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Editors' Note: June 2023

Editors' note on the June 2023 issue of Reviews in Digital Humanities

Published onJun 26, 2023
Editors' Note: June 2023

Our frenetic summer at Reviews in Digital Humanities is in full swing. Last week, we held the first training for our summer cohort of topic editors. We introduced them to the steps of defining a vision for their first topic issues, and to the processes we use to manage communications here at Reviews (hint: we love spreadsheets).

We also had another meeting with Sherr Lo and Mariesa Kubasek at the Nonprofit Finance Fund, who are working with us on business planning. We’re closer than ever to better understanding just how much it costs to produce an issue of the journal and what that means for our plans for a long-term future for the journal. We’re grateful to the Mellon Foundation supporting this work.

This month, we bring you projects from our open submissions process. The projects focus on two fields of study: performing arts and Jewish studies. In this issue, we review:

  • Hispanic Theater Collection / Colección de teatro hispánico, a digital exhibit showcasing the theatrical past and present of Hispanic artists, directed by Gabriela Baeza Ventura and Lorena Gauthereau, and reviewed by María Ascensión Mazuela Anguita;

  • The Berkeley Folk Music Festival, a digital exhibit featuring multimedia materials on the history of the festival and the West Coast folk revival, directed by Michael J. Kramer, and reviewed by Allan Jepson;

  • Digital History of the Jews of Boston, a pedagogical exploration of Jewish history in Boston and beyond, directed by Simon Rabinovitch, and reviewed by Alison L. Joseph; and

  • In Search of the Drowned, a corpus development and data mining project that explores how to give voice to voiceless Holocaust victims, directed by Gabor Mihaly Toth, and reviewed by Jan Burzlaff.

Both the Hispanic Theater Collection / Colección de teatro hispánico and Berkeley Folk Music Festival projects add to our growing collection of projects that we’ve reviewed in the performing arts. Hispanic Theater Collection / Colección de teatro hispánico brings materials from special collections at the University of Houston to a broad audience. The design of the site and representation of materials is equally as intriguing for community members interested in or part of the U.S.’s thriving Latinx theatre scene as for scholars who wish to study it. The Berkeley Folk Music Festival shifts the focus of folk music away from narratives of the East Coast to its West Coast stories and revival. The digital exhibit makes meaning of the 3,000+ materials on the festival in Northwestern Library’s digital repository, with accessible introductory material for visitors who are new to the topic as well as juicy insights for experts.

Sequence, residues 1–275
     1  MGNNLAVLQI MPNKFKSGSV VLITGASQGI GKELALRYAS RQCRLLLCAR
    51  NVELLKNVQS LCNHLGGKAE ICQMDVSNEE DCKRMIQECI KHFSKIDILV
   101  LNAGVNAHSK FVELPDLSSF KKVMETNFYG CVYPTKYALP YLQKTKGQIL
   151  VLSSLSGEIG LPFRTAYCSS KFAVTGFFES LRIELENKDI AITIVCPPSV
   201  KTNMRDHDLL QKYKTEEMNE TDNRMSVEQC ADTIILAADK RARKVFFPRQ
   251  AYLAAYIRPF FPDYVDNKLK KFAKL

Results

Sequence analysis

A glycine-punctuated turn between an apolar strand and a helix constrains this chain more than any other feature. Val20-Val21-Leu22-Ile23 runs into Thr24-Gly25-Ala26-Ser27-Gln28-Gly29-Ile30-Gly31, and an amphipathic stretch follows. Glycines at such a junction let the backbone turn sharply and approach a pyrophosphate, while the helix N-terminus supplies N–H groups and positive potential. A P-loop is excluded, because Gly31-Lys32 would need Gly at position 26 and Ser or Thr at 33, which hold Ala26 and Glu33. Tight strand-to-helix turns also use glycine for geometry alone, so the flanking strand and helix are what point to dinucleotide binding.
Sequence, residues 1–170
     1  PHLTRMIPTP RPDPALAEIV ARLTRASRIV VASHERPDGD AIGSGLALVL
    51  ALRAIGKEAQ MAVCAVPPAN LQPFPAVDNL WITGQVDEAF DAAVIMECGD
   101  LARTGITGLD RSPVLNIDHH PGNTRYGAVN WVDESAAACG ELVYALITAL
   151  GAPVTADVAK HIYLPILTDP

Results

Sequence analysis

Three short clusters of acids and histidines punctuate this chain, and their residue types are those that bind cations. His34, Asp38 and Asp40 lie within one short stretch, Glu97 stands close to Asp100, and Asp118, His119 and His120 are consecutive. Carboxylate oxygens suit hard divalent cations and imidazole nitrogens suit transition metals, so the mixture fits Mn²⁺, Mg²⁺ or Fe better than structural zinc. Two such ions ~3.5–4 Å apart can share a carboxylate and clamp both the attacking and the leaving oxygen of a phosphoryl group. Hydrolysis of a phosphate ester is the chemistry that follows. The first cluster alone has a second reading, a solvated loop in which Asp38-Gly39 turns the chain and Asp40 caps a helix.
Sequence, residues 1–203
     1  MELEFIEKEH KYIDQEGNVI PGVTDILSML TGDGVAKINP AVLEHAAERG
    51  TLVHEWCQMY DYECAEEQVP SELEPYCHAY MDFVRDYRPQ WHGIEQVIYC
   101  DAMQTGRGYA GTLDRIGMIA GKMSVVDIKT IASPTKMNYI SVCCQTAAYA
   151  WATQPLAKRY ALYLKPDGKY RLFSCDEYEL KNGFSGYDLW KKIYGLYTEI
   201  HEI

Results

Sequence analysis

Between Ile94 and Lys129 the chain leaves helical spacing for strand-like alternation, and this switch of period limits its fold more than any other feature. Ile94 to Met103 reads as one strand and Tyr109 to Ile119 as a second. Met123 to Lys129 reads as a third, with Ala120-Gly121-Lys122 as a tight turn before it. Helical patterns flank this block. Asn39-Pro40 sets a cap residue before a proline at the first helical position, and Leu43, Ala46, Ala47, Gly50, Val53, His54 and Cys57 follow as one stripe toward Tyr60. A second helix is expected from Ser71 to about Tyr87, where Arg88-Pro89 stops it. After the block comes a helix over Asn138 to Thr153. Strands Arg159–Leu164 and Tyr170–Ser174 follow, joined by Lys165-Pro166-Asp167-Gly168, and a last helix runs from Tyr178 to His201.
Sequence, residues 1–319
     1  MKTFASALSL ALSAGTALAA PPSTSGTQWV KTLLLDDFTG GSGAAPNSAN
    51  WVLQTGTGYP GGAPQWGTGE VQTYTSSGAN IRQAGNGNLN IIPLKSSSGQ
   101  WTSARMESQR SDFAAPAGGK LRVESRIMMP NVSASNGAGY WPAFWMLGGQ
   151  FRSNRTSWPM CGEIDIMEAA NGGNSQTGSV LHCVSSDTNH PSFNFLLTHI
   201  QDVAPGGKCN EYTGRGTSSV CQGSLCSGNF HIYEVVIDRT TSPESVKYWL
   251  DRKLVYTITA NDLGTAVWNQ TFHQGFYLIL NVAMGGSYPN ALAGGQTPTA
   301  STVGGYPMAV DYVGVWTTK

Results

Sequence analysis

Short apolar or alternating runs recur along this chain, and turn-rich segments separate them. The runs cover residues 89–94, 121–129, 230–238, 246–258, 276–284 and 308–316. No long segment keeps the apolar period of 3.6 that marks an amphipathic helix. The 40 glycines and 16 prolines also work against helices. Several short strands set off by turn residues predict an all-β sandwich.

Jewish studies has also been an area of study that we have been proud to feature in Reviews. In January 2021, we published our “Jewish Digital Humanities” special issue, edited by Amalia S. Levi and Michelle Chesner. Since then, we’ve been excited to receive nominations for other Jewish digital humanities projects through our open submissions process. We’ve used our special issues as a way to signal to broader digital humanities communities, particularly in ethnic studies fields, that their work is warmly welcomed at Reviews. Therefore, we see the increase in submissions in Jewish studies that we have received as a signal of the success of the special issue process. Jewish studies projects can now be browsed on the Jewish Studies page in the “Field of Study” section in our project registry.

Digital History of the Jews of Boston demonstrates the value of incorporating digital humanities tools and methodologies into undergraduate courses. The project site is a compendium of projects undertaken by Northeastern University students to explore the changing demographics of the Jewish community in and around Boston. In Search of the Drowned offers an innovative approach to recovering absences in Holocaust histories — namely the perspectives and experiences of voiceless victims who were murdered by the Nazis. Through data mining and corpus linguistics, the projects identifies leitmotifs in narratives of survivors, asking how they might offer insight on the experiences of those who died.

We have no doubt that you will find the projects in this issue as thought-provoking and compelling as we did.

Do you want new issues of Reviews delivered to your inbox? Subscribe to our mailing list! Want to nominate a project for review or submit your own? Drop us a note at [email protected].

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